ISBN: 9780062265425
Source: Harris County Public Library

Goodreads 

Description: 

Broadcast journalist Dan Harris’ most embarrassing moment – a panic attack – took place as he attempted to read the news on “Good Morning America” in 2004. After reporting from Afghanistan, Harris became accustomed to adrenaline. When returning to the US, he took serious, illegal drugs to maintain the high. Always on edge, the need for a fix led to the panic attack. After seeking medical help, Harris quits drugs and life gets better.

Soon, Harris’ assignment to reporting on faith leads him to the “self-help subculture.” In turn, Harris discovers something which helps him calm down – meditation.

Review: 

I enjoyed Harris’ writing style – self-deprecatingly humorous. I liked reading about many of the journalists on ABC and so many celebrities. He even mentioned Rivers Cuomo of Weezer! I didn’t agree with everything Harris said and I wasn’t too keen about the narrow margins of the pages.

RR - Orange  Rainbow Rating: Orange – Restricted from those under age 17 

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Jack Keroauc’s On the Road (Revisited Challenge)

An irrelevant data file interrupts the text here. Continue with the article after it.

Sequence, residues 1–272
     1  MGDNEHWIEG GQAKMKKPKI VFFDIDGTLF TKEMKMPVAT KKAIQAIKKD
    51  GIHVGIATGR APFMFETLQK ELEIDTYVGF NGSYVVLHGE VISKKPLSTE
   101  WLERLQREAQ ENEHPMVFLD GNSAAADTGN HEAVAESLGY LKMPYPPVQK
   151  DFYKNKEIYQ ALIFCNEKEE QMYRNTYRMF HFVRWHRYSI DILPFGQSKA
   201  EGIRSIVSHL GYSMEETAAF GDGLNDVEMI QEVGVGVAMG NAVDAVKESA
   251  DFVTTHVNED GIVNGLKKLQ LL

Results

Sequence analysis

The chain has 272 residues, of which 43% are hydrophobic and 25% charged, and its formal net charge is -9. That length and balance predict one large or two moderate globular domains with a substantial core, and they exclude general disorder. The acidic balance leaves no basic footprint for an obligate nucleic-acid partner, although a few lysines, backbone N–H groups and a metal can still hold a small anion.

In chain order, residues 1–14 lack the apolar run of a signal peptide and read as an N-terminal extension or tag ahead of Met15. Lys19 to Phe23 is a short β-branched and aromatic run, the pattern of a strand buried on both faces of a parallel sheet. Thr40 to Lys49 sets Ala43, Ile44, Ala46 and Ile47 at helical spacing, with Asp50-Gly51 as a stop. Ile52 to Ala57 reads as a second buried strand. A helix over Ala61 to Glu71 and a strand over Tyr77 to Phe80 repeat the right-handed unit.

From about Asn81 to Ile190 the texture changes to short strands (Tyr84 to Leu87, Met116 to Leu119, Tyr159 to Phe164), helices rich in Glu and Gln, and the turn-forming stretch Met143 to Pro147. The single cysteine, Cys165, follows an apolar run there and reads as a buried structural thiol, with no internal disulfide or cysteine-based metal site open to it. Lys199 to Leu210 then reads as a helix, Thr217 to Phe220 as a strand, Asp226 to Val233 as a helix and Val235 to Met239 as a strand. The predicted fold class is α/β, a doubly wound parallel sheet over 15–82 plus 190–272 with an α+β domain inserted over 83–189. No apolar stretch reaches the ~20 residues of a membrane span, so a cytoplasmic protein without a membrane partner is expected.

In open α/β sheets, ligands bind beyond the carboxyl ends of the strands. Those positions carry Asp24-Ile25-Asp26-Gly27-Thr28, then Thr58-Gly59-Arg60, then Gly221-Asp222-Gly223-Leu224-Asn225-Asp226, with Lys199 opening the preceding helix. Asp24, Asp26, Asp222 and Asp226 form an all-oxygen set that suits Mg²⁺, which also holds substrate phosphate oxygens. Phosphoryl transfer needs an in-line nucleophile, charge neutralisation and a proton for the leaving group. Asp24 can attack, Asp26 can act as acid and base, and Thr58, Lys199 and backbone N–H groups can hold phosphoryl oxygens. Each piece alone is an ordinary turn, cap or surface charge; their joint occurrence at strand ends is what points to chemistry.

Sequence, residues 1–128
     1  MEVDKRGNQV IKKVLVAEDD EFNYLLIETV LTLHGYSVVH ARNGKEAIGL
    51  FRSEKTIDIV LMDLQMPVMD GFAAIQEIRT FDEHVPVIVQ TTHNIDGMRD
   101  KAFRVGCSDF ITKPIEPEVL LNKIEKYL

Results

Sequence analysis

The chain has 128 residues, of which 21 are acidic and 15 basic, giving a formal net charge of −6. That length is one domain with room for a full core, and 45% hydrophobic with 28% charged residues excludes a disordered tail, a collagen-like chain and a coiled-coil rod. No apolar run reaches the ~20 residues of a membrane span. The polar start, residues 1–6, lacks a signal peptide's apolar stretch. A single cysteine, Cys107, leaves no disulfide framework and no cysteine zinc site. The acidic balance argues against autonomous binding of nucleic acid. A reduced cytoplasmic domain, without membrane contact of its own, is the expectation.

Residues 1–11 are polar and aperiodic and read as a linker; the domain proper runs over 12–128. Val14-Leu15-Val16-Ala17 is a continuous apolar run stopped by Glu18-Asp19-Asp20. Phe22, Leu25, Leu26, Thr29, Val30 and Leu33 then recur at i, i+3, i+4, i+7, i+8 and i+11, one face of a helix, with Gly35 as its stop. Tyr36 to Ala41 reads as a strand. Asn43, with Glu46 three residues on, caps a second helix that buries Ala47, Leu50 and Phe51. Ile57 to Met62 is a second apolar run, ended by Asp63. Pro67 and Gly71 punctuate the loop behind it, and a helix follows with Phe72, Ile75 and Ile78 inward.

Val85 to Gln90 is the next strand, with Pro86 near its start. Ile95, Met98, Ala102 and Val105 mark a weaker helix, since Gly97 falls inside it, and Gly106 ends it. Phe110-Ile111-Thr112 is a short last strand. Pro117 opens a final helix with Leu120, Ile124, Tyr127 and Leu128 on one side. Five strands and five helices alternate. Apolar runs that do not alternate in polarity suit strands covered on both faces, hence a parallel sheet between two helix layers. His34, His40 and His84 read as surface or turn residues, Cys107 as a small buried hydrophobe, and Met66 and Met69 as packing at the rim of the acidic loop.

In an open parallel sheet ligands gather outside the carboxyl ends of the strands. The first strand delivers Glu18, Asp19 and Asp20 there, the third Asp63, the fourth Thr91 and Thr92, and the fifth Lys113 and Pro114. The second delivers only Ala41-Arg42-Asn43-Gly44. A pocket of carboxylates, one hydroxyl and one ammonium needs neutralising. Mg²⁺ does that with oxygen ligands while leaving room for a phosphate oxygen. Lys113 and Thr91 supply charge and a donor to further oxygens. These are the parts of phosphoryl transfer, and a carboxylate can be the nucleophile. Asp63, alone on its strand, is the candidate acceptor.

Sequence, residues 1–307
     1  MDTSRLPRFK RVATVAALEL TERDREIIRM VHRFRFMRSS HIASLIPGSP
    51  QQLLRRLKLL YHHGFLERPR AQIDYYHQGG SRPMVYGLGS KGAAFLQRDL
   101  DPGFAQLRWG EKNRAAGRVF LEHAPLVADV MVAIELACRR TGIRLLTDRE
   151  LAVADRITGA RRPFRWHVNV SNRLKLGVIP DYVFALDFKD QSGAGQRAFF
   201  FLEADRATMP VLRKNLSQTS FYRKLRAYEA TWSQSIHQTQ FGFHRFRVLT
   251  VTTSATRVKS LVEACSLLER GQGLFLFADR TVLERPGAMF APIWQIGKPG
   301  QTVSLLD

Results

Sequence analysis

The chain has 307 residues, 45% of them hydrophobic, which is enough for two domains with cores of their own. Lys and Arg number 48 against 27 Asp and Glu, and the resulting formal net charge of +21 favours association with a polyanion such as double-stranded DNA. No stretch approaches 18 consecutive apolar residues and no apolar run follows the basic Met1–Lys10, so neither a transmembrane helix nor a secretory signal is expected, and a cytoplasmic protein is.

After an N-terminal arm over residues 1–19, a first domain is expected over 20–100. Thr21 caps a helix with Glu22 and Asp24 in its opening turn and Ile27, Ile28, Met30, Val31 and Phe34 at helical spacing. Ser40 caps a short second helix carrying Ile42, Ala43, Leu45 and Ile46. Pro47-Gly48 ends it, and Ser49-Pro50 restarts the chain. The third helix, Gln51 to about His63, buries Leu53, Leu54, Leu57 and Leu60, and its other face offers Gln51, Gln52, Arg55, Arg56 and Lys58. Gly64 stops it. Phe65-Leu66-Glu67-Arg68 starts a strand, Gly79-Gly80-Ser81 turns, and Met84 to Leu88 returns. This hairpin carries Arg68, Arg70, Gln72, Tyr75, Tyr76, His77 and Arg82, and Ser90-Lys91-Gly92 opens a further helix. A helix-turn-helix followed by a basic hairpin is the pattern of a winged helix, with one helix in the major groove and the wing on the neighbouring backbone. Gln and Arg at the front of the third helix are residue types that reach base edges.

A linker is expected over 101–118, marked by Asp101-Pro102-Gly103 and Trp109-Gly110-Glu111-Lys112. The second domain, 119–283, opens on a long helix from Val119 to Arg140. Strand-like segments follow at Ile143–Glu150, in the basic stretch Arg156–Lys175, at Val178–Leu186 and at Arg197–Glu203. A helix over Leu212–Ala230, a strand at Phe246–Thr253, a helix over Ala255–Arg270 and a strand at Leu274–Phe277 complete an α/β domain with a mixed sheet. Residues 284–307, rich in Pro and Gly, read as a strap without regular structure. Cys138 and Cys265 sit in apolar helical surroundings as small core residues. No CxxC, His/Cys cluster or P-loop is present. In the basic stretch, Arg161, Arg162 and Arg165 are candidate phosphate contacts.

On the Road by Jack Kerouac | Jorie’s Store @ Amazon

 
Title and Author(s):  Jack Kerouac and Matt Dillon’s On the Road
Release Date: 2000

Publisher: Caedmon

ISBN: 9780060755331
Hours: 11 
Source: Harris County Public Library 

* 1001 Books Book

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Reasons for Reading: I read this book a few years ago since it’s hailed as the book of the Beat Generation. Fortunately, I listened to the the version that actor Matt Dillon read. When On the Road won in the Revisited Challenge, I happily checked out the Matt Dillon version for the second time.

Summary: (This autobiographical narrative uses pseudonyms per publisher’s demands.) Salvatore “Sal” Paradise (Kerouac) tells the narrative of adventures had in the late 1940s and early 1950s “on the road” with his new found, free-spirited friend Dean Moriarty (Neal Cassady). Through these treks, Dean and Sal use many drugs, drink many boos, and “sleep” with numerous partners. Sometimes, they stay with different Beats (Carlo Marx/Allen Ginsburg and Old Bull Lee/William S. Burroughs), and other times Beats join them on their trips. Also at play are the tensions between Dean’s partners Marylou (Luanne Henderson) and Camille (Carolyn Cassaday).